As for the Tunisian example and the path it took, Ennahda emphasises its profound belief in and commitment to partnership, whether the one it previously had within the Troika government or the one it forged in the current phase, where it made painful concessions, just as the other party did.

To its credit, the winning party, while its electoral weight entitles it, according to the constitution, to form the government and head it, accepted not only to appoint a neutral and consensual figure as head of government – who enjoys the broadest powers in the state hierarchy –but also accepted to keep the key ministries (Interior, Justice and Defence) neutral, in order to avoid over-domination and to ensure participation.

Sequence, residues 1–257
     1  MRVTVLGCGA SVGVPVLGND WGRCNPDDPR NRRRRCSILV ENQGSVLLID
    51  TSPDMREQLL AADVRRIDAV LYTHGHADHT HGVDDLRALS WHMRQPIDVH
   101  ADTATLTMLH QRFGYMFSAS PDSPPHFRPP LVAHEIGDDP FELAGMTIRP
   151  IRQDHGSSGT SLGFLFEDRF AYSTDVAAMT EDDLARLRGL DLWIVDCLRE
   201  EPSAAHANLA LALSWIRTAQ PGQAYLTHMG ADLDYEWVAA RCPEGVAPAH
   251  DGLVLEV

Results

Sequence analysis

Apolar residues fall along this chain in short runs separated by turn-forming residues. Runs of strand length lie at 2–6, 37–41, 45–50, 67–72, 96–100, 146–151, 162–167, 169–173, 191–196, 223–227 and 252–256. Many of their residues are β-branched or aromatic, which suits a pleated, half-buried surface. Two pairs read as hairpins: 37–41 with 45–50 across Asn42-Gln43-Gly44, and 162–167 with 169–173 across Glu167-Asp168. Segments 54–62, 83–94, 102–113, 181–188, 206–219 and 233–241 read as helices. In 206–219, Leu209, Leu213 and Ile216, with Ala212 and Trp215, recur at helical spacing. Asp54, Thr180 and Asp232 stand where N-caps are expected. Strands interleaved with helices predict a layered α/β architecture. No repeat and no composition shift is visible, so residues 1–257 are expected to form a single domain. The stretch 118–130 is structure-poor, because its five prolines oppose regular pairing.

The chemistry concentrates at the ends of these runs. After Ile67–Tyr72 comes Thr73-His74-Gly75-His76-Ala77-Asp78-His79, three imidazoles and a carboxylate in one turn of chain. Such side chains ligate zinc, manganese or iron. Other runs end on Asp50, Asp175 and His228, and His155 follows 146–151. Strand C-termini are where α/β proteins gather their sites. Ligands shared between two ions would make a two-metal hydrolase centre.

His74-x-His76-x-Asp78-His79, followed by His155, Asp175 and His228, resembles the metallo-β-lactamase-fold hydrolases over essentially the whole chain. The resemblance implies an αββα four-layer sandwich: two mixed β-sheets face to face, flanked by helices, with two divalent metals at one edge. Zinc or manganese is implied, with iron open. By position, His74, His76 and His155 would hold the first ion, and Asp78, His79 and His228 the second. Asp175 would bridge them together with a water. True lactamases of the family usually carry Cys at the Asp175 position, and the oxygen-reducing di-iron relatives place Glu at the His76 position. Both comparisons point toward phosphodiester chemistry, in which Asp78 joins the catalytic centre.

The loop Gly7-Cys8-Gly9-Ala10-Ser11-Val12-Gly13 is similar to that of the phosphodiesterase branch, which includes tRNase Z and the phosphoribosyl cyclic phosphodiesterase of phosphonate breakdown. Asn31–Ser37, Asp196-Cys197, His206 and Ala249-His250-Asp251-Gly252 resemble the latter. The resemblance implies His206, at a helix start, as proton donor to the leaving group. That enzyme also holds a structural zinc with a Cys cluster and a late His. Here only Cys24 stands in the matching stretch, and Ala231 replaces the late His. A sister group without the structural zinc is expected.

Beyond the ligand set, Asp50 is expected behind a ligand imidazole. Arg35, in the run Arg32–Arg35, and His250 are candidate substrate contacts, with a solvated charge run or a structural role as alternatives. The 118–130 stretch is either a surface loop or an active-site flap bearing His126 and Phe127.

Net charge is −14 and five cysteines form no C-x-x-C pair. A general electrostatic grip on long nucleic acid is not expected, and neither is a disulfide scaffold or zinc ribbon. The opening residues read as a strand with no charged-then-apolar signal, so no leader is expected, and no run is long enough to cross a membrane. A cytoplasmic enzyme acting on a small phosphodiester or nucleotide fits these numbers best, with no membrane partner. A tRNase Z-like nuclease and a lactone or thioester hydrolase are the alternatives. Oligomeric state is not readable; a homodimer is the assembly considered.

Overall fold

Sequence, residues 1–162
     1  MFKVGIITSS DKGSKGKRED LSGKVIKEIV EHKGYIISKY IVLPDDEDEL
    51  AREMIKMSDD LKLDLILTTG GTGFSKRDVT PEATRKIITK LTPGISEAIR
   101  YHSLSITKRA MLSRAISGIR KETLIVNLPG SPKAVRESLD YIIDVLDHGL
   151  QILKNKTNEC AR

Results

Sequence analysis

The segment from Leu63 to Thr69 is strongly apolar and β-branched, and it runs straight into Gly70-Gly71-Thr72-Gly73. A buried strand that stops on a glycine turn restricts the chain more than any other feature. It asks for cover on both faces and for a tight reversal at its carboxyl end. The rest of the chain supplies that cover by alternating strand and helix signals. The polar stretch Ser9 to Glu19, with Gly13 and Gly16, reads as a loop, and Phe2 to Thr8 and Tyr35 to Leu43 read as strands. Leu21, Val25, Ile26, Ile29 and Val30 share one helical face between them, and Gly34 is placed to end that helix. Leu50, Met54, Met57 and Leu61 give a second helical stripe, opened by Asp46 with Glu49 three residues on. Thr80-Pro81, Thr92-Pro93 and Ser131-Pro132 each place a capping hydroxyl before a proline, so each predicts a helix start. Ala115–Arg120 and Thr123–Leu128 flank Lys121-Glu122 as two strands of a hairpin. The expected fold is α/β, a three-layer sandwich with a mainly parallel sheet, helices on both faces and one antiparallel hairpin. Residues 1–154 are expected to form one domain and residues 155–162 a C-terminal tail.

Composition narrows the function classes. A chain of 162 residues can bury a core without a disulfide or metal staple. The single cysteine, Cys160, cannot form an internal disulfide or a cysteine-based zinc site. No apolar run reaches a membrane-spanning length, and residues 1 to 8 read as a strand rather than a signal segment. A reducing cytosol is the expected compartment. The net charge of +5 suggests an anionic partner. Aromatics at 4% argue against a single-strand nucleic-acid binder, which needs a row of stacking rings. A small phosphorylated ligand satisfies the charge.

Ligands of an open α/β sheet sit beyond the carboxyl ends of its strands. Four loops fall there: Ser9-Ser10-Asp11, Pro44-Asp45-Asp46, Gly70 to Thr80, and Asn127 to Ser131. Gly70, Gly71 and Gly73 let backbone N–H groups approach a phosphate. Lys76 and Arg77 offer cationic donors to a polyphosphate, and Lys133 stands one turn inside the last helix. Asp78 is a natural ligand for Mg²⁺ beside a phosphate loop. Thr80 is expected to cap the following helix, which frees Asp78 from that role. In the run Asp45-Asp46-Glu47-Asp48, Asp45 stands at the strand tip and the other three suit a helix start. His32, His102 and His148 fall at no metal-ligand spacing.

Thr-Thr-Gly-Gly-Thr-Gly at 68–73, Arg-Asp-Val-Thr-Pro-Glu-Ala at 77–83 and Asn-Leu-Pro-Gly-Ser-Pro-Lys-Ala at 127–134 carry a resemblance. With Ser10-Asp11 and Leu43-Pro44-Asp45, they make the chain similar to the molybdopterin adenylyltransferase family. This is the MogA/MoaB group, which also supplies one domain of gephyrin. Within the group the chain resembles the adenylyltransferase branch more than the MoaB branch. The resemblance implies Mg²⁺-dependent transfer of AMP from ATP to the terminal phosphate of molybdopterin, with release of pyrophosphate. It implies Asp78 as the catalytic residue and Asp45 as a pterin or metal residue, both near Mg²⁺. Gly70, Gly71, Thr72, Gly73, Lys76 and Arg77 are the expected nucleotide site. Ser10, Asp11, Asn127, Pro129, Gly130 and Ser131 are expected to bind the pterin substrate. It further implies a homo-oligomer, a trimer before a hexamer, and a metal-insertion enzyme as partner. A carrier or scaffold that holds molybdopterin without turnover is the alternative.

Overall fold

Today we have put Tunisia’s train on the rails of partnership and consensus between five parties, especially the two major parties. This sends reassuring messages at home and abroad. Hence, it is important to emphasise today that the Tunisian Spring has once more successfully overcome the perils of turmoil and conflict, and that Tunisians stand united by their state so that it fulfills for them and with them the dreams of Tunisian youth, the revolution’s youth – the dreams of dignity and pride, development and employment.

It is also important that the Tunisian democratic success finds its way to the world, waiting for others in the region to join, and they shall come, slowly but surely, on the path of freedom and dignity, God willing.

Article published on on 11 February 2015